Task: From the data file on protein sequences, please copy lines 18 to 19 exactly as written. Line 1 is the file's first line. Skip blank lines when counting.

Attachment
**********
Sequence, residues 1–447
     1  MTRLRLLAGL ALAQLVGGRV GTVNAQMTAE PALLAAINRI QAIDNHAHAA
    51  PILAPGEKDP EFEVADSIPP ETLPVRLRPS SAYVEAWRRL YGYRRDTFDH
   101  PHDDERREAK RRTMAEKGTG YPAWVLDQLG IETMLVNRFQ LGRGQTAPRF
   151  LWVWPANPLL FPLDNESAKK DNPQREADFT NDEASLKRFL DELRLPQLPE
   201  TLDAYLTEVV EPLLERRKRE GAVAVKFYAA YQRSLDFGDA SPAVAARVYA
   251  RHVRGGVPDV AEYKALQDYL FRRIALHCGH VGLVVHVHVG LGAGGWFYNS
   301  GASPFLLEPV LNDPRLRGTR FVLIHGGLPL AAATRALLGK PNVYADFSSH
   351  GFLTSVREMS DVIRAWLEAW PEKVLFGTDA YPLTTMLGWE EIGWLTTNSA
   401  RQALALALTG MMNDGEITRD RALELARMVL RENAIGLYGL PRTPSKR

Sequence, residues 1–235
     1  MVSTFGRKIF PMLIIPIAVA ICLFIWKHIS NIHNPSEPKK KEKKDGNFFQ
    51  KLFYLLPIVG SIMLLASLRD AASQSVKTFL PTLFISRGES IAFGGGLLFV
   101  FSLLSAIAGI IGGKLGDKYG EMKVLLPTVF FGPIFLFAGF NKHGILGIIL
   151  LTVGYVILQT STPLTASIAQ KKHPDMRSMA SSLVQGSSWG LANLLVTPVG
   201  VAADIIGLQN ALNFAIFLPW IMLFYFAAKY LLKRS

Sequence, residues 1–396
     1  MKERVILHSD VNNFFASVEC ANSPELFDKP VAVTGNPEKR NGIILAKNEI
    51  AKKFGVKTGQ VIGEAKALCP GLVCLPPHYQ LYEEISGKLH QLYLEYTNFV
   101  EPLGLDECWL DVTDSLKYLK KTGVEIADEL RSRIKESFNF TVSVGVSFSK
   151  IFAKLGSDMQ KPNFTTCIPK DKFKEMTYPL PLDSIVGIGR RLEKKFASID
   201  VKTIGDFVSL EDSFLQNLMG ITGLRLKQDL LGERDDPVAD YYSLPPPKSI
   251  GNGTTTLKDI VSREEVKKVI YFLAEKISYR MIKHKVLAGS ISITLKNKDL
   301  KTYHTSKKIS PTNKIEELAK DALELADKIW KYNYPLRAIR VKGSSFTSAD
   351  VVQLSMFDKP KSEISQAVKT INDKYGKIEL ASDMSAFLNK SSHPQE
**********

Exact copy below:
     1  MKERVILHSD VNNFFASVEC ANSPELFDKP VAVTGNPEKR NGIILAKNEI
    51  AKKFGVKTGQ VIGEAKALCP GLVCLPPHYQ LYEEISGKLH QLYLEYTNFV